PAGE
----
Day of the Dead Philippines

Day of the Dead in the Philippines

Day of the Dead is as synonymous with Mexico as tequila and mariachi bands. The truth is, however, that many other Latin countries like Colombia and Ecuador celebrate El dia de Los Muertos too. What you might find surprising is that the Philippines observes the Day of the Dead too as:

  • Araw ng mga Patay. 
  • All Souls’ Day.
  • All Saints’ Day.
  • Undás.

Continue reading to discover the origins of Day of the Dead and how the holiday started in the Philippines.

When is the Day of the Dead in the Philippines?

Day of the Dead takes place in the Philippines every November 1st and 2nd. Contrary to popular belief, Day of the Dead isn’t the same thing as Halloween. They do, however, share themes around death and the afterlife. 

Additionally, both holidays occur around the same time, with Halloween falling every October 31st, while Day of the Dead begins a day later.

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Day of the Dead celebrations in the Philippines

Day of the Dead celebrations in the Philippines

Unlike other countries and scenes from popular culture, Day of the Dead in the Philippines is a sombre affair. Filipinos observe the day by heading to cemeteries to visit the graves of their family members. Once there, Pinoys will clean their loved one’s tomb, light candles, say prayers and leave offerings, such as perfume.

Top tip: Where possible, ask before taking pictures of mourners. Day of the Dead is a religious ritual, so you should respect the privacy of those who observe it.

If you’re in the Philippines, try to visit a few cemeteries. That way, you’ll see how the various cultures in the Philippines celebrate the holiday. As the Day of the Dead ranks only behind Christmas and Semana Santa for many Pinoys, it’s a spectacle worth witnessing.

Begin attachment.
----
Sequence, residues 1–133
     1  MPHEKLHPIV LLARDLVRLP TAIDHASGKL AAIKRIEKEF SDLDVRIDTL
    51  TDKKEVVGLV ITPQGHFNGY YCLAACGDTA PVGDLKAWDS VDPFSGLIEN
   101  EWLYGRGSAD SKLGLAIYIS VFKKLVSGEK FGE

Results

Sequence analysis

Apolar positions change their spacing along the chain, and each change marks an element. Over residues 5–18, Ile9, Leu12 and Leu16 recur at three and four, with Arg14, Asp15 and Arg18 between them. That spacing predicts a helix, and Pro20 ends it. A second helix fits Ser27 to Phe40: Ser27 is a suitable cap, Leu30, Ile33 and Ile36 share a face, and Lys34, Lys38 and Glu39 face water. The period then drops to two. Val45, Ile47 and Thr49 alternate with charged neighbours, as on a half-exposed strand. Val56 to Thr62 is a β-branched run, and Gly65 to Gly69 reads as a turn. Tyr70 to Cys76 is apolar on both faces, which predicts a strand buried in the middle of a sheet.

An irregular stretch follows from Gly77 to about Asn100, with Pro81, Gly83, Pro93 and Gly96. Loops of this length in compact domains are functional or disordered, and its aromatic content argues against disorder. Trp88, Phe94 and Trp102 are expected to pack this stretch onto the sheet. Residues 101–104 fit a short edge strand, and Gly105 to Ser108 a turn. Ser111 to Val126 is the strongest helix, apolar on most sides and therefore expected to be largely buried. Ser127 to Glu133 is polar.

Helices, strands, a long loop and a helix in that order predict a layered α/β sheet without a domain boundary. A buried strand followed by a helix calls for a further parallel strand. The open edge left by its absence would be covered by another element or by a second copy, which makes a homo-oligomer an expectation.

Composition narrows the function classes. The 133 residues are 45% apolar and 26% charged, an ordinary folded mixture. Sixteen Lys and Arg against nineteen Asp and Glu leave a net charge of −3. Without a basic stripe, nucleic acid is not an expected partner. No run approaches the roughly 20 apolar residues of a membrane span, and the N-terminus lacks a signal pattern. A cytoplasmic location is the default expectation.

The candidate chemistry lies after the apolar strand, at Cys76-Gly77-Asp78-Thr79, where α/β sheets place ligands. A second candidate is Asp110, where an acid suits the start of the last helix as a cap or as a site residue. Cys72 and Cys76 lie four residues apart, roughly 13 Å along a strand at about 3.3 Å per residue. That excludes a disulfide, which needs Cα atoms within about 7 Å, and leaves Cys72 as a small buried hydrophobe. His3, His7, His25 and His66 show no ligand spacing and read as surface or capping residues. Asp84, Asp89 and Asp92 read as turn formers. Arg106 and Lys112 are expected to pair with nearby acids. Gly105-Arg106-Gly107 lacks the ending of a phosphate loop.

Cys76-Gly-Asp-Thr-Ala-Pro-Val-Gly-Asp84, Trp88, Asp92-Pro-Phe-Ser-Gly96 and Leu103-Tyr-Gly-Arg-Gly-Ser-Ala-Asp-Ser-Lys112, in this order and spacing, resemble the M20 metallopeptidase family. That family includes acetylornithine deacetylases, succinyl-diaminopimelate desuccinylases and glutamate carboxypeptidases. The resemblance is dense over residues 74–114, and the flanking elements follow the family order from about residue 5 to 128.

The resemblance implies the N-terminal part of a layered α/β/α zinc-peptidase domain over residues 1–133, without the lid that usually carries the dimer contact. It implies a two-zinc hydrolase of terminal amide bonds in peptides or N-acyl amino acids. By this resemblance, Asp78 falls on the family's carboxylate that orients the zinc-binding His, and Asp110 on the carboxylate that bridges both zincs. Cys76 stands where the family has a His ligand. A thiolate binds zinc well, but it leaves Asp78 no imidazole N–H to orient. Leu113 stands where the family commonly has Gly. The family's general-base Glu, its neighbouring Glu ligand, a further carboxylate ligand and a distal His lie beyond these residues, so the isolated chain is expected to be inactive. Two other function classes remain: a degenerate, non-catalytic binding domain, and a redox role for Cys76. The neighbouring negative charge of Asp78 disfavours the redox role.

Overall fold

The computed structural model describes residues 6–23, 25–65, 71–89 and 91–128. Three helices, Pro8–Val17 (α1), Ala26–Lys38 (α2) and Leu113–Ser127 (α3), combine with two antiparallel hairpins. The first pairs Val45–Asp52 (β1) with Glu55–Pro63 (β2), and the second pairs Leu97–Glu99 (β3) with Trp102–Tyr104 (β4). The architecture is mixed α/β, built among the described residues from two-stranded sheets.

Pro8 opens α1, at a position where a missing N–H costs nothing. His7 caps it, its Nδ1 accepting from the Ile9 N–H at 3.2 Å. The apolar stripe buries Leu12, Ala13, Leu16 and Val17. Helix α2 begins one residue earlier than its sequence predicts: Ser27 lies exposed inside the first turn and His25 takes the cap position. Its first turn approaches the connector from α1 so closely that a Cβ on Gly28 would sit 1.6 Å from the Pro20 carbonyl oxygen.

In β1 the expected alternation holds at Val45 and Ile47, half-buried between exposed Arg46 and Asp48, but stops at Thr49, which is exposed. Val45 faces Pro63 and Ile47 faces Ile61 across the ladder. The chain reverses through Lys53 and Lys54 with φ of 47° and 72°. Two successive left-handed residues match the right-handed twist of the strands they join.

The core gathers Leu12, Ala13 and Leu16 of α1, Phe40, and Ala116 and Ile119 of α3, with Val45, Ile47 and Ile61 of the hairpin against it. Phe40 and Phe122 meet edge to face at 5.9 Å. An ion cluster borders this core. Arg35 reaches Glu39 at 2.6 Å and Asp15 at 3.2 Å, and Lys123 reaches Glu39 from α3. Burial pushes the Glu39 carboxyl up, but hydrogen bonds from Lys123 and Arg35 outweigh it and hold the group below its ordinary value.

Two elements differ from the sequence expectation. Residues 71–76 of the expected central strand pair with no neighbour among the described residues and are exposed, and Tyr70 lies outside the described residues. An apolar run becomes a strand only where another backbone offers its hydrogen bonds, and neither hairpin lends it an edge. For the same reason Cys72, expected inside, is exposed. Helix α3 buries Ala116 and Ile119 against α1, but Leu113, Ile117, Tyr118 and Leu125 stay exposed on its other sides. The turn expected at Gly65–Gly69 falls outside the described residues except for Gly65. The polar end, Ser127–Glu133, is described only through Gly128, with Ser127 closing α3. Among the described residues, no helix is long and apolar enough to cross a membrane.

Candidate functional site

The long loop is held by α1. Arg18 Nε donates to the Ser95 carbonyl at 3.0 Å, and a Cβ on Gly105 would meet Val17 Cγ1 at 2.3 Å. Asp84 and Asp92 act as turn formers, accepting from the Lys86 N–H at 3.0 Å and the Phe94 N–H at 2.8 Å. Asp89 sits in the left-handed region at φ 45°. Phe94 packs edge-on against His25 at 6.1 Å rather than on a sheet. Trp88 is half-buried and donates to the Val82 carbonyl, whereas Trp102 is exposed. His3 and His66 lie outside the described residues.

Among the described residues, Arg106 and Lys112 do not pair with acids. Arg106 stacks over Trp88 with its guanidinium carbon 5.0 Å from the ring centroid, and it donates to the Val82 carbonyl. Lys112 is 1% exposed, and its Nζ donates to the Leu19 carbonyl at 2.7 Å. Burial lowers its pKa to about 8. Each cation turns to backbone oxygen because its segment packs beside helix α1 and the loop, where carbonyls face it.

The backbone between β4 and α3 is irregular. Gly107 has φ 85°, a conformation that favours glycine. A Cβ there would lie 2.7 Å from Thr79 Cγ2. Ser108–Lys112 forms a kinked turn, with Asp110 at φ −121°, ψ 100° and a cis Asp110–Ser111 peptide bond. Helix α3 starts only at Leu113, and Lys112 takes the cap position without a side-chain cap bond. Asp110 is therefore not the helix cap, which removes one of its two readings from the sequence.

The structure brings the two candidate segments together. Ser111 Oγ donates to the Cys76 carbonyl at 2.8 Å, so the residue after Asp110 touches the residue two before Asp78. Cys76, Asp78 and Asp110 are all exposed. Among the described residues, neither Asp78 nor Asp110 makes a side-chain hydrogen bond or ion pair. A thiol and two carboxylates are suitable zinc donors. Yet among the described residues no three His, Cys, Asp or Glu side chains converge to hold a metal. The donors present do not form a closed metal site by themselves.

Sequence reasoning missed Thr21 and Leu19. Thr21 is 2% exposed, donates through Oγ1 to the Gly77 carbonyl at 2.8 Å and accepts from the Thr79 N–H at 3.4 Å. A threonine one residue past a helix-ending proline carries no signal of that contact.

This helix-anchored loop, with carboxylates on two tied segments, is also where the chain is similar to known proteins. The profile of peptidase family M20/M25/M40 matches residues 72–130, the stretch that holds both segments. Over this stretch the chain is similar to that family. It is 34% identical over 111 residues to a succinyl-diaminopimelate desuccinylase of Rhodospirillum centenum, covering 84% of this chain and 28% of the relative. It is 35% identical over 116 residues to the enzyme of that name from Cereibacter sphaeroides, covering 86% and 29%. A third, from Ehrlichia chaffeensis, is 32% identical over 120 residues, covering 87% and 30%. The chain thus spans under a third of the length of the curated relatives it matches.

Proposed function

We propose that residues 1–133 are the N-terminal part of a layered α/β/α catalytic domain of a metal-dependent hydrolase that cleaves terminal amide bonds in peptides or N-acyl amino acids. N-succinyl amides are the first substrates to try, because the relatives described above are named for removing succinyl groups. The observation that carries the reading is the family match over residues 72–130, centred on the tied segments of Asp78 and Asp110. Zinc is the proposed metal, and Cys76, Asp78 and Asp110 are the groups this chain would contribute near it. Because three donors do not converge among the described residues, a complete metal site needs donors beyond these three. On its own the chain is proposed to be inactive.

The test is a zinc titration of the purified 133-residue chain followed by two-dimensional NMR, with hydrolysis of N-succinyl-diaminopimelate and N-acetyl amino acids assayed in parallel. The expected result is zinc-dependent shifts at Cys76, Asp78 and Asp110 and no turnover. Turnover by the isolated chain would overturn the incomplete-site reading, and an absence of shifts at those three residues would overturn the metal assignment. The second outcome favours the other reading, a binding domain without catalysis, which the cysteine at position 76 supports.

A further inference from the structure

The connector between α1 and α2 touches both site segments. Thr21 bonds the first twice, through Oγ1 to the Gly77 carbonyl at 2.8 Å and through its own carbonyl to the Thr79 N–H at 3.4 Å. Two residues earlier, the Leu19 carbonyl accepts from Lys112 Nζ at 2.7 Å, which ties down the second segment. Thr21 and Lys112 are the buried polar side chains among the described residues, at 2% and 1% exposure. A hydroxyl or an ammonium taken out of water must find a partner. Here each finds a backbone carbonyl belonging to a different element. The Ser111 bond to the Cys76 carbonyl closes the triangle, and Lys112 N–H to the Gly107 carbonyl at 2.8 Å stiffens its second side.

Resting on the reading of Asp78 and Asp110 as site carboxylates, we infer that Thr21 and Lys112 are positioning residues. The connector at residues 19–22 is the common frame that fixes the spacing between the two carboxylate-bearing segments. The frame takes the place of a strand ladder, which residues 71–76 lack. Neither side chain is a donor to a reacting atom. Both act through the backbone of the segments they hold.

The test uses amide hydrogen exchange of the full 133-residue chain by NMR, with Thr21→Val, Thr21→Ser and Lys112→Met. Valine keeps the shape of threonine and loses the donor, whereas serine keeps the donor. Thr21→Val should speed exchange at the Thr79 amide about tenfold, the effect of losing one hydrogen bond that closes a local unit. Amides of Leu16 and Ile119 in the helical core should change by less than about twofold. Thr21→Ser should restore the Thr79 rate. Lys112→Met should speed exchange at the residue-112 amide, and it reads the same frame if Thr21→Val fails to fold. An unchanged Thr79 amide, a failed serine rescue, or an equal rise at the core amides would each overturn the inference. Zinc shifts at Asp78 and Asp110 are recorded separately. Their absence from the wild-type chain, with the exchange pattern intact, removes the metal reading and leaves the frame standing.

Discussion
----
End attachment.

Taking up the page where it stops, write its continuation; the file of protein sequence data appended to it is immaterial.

A banquet-style feast usually signals the end of the Day of the Dead. In the Philippines, families will typically serve jugs of tuba (coconut wine) and kaldereta (goat meat stew), followed by a session of karaoke.  

What are the origins of Day of the Dead?

The word “Undás” comes from the Spanish word Honras, meaning honours.

Like many historical events, the origins of Undás or Dia de Los Muertos are unclear. Some say it traces back to the Aztec people who used skulls to honour the dead. Other accounts attribute the holiday to Los conquistadors who brought the tradition to Mexico from Spain. 

As a former colony of Spain, the Philippines inherited the holiday with the Catholic celebrations of All Saints’ Day and All Souls’ Day.

The principle behind Day of the Dead is that mourning the dead is disrespectful. That’s because the Aztecs believed that death was a natural phase in life’s long journey. The ‘Dead’ were still members of the community, kept alive in memory and spirit, and every November, they temporarily returned to earth. 

Did you know, during meals on the Day of the Dead, an extra plate (known as alay) is offered to each departed soul?

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